Fresh blow as Morrisons swings axe

Morrisons have seen a sales decline
Morrisons have seen a sales decline
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MORRISONS ousted its commercial director Richard Hodgson yesterday amid City concerns that the supermarket group is driving away core customers by expanding its upmarket offering.

Analysts said the loss of another senior director at Morrisons came as the group was being squeezed on the sales front between its three big rivals, Tesco, Sainsbury and Asda, and smaller cut-price competitors like Aldi and Lidl.

The company, with nearly 60 stores and a 15 per cent market share in Scotland, said Hodgson – recruited for the commercial role from Waitrose two years ago – would leave immediately.

His exit follows that of Morrisons’ marketing and operations director Richard Lancaster last April. Then the group said finance director Richard Pennycook would leave the business next June after eight years at the firm.

Dalton Philips, group chief executive, said Bradford-based Morrisons had to do a better job of getting its selling points across to customers.

He cited the company’s emphasis on in-store butchers, bakers, fishmongers and greengrocers and its focus on producing much of the food it sells.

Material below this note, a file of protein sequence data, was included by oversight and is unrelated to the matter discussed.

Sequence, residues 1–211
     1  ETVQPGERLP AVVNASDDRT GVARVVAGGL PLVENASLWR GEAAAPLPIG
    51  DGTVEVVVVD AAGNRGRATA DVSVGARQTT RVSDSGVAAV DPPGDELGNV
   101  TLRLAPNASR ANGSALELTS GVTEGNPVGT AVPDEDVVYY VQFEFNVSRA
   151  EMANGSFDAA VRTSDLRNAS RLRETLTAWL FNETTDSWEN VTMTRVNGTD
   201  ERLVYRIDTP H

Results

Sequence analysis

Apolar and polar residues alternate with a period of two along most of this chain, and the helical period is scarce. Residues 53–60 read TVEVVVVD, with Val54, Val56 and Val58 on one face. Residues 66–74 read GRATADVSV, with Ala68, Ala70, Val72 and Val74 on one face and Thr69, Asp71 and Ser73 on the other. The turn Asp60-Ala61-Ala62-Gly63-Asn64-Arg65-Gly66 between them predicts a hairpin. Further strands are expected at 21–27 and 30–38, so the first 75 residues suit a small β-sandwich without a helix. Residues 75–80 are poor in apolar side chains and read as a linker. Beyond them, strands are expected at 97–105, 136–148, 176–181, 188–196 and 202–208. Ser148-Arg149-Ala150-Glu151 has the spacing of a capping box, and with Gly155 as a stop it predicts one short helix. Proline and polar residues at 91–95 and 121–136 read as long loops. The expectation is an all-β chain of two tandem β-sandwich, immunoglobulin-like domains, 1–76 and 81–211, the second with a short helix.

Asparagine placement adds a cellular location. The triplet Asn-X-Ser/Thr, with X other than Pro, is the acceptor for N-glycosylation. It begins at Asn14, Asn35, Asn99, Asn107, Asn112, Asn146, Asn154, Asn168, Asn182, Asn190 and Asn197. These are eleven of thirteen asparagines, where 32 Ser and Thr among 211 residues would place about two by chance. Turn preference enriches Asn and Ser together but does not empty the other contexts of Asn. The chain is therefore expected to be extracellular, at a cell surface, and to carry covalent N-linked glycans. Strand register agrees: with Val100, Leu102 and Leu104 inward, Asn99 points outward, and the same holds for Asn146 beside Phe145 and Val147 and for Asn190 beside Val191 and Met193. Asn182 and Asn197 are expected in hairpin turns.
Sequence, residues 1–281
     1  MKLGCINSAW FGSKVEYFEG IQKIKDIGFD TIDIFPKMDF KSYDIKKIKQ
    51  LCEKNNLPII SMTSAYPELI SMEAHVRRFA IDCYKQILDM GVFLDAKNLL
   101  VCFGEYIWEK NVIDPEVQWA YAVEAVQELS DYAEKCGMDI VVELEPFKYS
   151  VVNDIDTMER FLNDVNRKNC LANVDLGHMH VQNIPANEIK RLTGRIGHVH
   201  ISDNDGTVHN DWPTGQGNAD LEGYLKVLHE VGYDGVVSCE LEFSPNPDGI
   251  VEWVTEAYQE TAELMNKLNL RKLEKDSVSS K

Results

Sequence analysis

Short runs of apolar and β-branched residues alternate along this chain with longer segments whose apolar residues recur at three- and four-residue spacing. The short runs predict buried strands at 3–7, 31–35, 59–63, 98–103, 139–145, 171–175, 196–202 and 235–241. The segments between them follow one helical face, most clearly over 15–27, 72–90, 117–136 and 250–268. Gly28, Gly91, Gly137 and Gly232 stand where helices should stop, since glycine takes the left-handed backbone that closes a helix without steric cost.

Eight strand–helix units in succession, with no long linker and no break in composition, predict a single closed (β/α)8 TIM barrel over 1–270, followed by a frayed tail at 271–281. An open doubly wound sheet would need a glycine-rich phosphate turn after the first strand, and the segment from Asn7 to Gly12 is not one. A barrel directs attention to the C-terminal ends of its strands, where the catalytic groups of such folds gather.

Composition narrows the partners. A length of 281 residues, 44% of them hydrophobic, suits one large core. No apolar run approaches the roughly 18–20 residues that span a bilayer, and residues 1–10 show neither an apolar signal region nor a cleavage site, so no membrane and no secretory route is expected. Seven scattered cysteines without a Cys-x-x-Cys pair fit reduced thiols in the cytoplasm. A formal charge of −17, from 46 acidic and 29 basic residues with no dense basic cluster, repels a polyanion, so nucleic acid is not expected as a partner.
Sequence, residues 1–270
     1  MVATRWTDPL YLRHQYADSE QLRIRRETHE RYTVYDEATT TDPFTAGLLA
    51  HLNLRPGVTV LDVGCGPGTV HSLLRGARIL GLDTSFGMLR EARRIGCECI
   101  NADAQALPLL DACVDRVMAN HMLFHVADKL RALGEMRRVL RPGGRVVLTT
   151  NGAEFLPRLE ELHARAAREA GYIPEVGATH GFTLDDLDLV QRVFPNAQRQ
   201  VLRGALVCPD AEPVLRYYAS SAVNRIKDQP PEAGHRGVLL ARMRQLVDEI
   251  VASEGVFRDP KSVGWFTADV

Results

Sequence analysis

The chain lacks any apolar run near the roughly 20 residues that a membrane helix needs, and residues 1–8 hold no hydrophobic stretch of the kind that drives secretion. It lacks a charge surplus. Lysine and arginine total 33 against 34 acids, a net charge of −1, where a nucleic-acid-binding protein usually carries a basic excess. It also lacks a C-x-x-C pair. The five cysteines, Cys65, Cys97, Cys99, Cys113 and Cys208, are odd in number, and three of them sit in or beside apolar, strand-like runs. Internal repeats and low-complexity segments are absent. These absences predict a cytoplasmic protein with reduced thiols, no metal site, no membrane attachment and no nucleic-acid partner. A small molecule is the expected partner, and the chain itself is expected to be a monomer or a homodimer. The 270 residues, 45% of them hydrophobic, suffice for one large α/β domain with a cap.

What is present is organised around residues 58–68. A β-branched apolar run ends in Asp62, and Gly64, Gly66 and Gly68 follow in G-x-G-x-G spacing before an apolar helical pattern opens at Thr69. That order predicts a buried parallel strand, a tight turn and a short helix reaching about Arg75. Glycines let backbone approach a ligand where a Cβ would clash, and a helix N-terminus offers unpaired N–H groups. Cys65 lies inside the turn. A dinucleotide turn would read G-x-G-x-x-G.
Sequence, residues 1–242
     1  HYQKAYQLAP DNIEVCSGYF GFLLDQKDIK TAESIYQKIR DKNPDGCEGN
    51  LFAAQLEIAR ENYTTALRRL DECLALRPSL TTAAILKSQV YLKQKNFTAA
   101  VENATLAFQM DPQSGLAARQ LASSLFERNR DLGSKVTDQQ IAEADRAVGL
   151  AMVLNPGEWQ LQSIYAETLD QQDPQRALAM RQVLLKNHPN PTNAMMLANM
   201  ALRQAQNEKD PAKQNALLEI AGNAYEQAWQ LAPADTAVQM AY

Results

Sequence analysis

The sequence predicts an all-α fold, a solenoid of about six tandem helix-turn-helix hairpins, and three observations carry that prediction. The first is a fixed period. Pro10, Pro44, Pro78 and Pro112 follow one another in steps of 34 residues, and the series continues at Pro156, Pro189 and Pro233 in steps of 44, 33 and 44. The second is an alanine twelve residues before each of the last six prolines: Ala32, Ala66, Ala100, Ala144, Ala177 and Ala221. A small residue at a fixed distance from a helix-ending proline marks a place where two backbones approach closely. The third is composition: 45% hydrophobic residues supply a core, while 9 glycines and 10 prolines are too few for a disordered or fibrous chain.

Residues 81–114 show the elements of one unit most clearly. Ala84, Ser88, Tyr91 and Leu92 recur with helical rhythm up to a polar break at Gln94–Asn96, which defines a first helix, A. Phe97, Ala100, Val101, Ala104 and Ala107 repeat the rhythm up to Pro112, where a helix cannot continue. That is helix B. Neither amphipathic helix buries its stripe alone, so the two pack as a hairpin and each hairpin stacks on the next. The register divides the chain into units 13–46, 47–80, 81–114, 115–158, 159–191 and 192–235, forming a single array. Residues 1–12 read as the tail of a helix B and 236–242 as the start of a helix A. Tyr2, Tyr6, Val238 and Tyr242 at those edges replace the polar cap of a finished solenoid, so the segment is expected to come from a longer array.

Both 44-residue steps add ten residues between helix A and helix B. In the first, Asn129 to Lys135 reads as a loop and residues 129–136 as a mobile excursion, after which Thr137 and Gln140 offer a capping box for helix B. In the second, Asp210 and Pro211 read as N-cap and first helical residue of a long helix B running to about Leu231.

“I don’t see us stepping up further our promotional campaign,” he said, “I see us stepping up further the communication of why we are so different from the rest of the pack. I don’t

believe we’ve been getting that message over strongly enough.”

Like-for-like at Morrisons stores open over a year, excluding fuel, fell 2.1 per cent in the third trading quarter to 28 October. That was slightly worse than City forecasts of a 2 per cent decline, and a deterioration on the 0.9 per cent fall in the first trading half.

Some analysts have suggested Morrisons is partly suffering due to its lack of an online food offer, which it is trialling at a US subsidiary, and only a nascent convenience store operation.

But Philip Dorgan, retail analyst at Panmure Gordon, commented: “We think the relatively slow roll-out of new format stores and online are red herrings. Morrisons is underperforming because it needs to do its day job better.”

Clive Black at Shore Capital said Morrisons “has re-engineered its proposition in a way that, for whatever reason, is ‘disenfranchising’ its core customers. That change implies a move too far too soon from its value roots”.